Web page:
COTTON COMES TO HARLEM is a quirky, colorful love letter to the people and culture of Harlem, tucked away inside a crime story adapted from a Chester Himes novel. MGM packaged the DVD in the “Soul Cinema” series along with COFFY, FOXY BROWN, BLACK CAESAR and TRUCK TURNER, but to me it doesn’t really feel like a blaxploitation movie. If it is it deserves credit for being one of the most textured and gorgeous looking blaxploitation movies. I will intersperse some random screen grabs throughout this review to give you an idea of all the great colors, clothing, sets and locations. (read the rest of this shit…)
Archive for the ‘Crime’ Category
In ANGEL 4: UNDERCOVER, the chapter after the final chapter, Angel rises from the streets to invade the corporate world. “Executive by day, hooker by night. From the boardroom to the bedroom.” Cool idea, right? Seems like a very ’80s idea, but it was still the early ’90s, it wasn’t too late to explore those still relevant themes of corruption and cruelty hidden behind mirrored skyscrapers and fancy clothes.
I should specify, that’s what the box of ANGEL 4 is about. The movie itself is a standalone story where she’s not an executive and there’s no boardroom (or bedroom, really) and she doesn’t look like the same lady on the cover and doesn’t become a hooker again. But you know, you gotta let the marketing people express themselves too. They had a story they felt like they were born to tell, and they just had to let it out.
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ANGEL III: THE FINAL CHAPTER, the third and last of the four ANGEL movies, finds Molly “Angel” Stewart far from her roots. She is no longer played by Donna Wilkes or Betsy Russell, now she’s played by Mitzi Kapture (Silk Stalkings, Baywatch, The Young & the Restless). She’s not a prostitute or a lawyer or runner anymore, now she’s a photographer helping out the police (we see her go along on a gambling bust to take pictures of people running away) and in her spare time trying to work on a photography book about street kids. Most drastic of all she doesn’t live in Hollywood anymore, she lives in New York. (read the rest of this shit…)
AVENGING ANGEL takes place 4 years after ANGEL. Lieutenant Andrews (now played by Robert F. Lyons) has become Angel (now played by Betsy Russell from DELTA HEAT and SAW III-VII)’s guardian and paid her way to leave the streets of Hollywood for a college somewhere a few hours away, where she’s studying law and excelling at track and field. She goes by Molly again and has a preppie boyfriend named Terry (Richard DeHaven, NIGHT OF THE CREEPS) who doesn’t know about her past as a gun-toting teenage prostitute.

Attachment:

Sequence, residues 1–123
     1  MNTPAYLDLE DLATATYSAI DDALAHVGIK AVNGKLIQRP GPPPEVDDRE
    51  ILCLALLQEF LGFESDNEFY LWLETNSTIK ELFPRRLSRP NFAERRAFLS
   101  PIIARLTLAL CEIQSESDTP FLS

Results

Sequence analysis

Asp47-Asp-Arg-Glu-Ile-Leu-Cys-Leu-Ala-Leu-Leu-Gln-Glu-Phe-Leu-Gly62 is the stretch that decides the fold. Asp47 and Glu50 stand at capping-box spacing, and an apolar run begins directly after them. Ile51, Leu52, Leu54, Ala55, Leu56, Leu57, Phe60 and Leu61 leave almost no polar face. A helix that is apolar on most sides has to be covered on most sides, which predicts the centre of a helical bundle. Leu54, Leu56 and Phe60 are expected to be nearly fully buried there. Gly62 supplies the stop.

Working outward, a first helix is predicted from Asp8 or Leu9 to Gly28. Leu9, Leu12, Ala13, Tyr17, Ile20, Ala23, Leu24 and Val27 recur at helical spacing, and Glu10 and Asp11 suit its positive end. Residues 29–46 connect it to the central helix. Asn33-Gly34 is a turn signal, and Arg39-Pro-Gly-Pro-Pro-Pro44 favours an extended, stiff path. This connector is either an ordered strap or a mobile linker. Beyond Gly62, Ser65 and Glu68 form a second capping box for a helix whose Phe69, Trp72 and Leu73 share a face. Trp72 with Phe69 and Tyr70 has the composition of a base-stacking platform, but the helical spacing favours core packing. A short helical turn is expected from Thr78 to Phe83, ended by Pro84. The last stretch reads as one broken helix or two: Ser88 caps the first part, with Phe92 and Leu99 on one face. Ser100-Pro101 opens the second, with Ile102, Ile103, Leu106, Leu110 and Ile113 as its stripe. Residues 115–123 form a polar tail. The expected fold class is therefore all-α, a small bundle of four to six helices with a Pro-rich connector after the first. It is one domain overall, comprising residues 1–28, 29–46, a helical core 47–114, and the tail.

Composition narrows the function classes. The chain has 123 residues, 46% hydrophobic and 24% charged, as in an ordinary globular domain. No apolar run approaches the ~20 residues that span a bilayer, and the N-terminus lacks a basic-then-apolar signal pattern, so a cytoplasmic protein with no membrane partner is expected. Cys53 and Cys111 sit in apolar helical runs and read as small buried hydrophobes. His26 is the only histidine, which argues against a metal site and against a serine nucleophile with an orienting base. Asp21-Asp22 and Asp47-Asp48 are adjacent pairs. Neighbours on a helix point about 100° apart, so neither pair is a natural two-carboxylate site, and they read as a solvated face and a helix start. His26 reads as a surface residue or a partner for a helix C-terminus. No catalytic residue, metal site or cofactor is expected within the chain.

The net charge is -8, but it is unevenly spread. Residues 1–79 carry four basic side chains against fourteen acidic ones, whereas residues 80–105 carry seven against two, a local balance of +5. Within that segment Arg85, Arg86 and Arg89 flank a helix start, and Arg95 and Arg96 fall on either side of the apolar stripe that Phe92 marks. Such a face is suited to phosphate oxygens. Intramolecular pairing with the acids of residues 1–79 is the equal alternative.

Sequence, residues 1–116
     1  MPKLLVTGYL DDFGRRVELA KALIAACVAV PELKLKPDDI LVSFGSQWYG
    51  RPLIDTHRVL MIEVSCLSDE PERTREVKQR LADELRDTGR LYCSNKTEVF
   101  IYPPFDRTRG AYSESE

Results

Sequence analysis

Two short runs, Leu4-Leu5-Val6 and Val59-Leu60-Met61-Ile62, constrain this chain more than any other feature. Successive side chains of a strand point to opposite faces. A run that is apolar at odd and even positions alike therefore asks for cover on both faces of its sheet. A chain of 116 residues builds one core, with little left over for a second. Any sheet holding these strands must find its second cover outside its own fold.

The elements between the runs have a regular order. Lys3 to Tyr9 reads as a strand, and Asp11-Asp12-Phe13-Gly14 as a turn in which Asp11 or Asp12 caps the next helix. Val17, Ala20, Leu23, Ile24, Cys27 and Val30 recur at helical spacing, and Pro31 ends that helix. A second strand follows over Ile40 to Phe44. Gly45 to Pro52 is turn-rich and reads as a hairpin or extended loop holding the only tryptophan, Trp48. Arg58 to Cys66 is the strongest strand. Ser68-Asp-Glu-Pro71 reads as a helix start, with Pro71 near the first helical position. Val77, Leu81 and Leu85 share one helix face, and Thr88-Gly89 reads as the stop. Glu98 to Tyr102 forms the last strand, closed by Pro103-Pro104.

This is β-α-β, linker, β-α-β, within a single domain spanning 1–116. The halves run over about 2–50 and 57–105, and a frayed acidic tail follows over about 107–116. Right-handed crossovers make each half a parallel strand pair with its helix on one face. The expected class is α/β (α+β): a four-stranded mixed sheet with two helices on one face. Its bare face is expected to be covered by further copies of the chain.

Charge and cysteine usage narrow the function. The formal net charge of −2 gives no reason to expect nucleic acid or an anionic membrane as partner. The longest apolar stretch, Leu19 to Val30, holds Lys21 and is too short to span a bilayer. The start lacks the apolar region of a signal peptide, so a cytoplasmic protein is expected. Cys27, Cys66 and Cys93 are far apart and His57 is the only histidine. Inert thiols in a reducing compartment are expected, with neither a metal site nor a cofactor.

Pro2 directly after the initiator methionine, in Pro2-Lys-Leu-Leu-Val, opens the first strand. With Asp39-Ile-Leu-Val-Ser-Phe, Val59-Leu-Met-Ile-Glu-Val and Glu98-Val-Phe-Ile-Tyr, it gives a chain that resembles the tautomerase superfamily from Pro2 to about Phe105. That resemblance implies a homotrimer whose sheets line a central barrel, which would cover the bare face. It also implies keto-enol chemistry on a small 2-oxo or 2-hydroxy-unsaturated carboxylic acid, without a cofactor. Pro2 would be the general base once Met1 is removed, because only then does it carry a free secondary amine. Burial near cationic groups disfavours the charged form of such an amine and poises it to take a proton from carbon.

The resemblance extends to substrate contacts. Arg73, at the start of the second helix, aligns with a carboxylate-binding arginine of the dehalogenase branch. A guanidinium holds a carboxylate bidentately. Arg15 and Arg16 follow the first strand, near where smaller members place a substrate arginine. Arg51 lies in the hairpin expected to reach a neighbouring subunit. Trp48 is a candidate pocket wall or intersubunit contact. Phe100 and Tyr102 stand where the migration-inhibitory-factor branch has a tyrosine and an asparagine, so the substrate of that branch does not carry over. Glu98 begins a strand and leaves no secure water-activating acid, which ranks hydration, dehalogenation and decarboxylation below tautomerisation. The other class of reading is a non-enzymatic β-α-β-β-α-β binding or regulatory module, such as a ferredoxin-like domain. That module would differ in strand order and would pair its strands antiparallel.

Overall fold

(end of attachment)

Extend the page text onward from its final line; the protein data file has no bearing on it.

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ANGEL is a story about a young girl named Molly (Donna Wilkes from JAWS 2 and GROTESQUE) who lives near Hollywood Boulevard and buses out to the North Oaks Prep School. She gets straight A’s, she seems very innocent, and when a super nerd at school (who looks easily 35, but it’s okay because she’s 24 in real life) asks her on a date she turns him down by saying her mom says she’s too young to date. I thought she might be telling the truth, but after school she goes back to the boulevard, where everyone calls her Angel, she puts on makeup and starts walking the strip. Yep, our little angel is a teenage prostitute. It quickly becomes clear that she’s paying her own way through school, and that there’s a reason she’s not letting anyone into the room where she says her paralyzed mother is holed up.
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David O. Russell’s latest is a fictionalized take on a true 1970s incident when the FBI worked with conmen to entrap politicians to take bribes from a fake Sheik. The movie opens in the thick of it, right before a big attempted sting, with a long, quiet, unbroken take of Irving Rosenfeld (Christian Bale) gluing on his toupee and carefully combing his remnants of real hair over it. It’s pretty representative of the movie: silly almost to the point of Will Ferrell cartoonishness, but you have to stare at it and contemplate it long enough that it’s on the verge of becoming more sad than funny.
Who does this guy think he’s fooling? Why is he so vain? Won’t somebody tell him how terrible he looks? So when FBI Agent Richie DiMaso (Bradley Cooper) angrily grabs the toupee and makes it stick straight up, and Irving just stands there angrily, I already feel for him. It’s a funny sight gag, but also it says something about human vulnerability. We can be so hung up on a phony image that we fool ourselves. (read the rest of this shit…)
I started 2013 with a review of the broad but likable baseball movie TROUBLE WITH THE CURVE, where I wrote, “I don’t know if this is true but I heard it’s good luck for movie critics to start a year with a Clint Eastwood review.” I made the whole thing up, and the results were inconclusive anyway. I wouldn’t say last year was exactly a day at the races for me, but at least I wasn’t one of the horses. There were a few scares but they coulda been worse. I’m still going.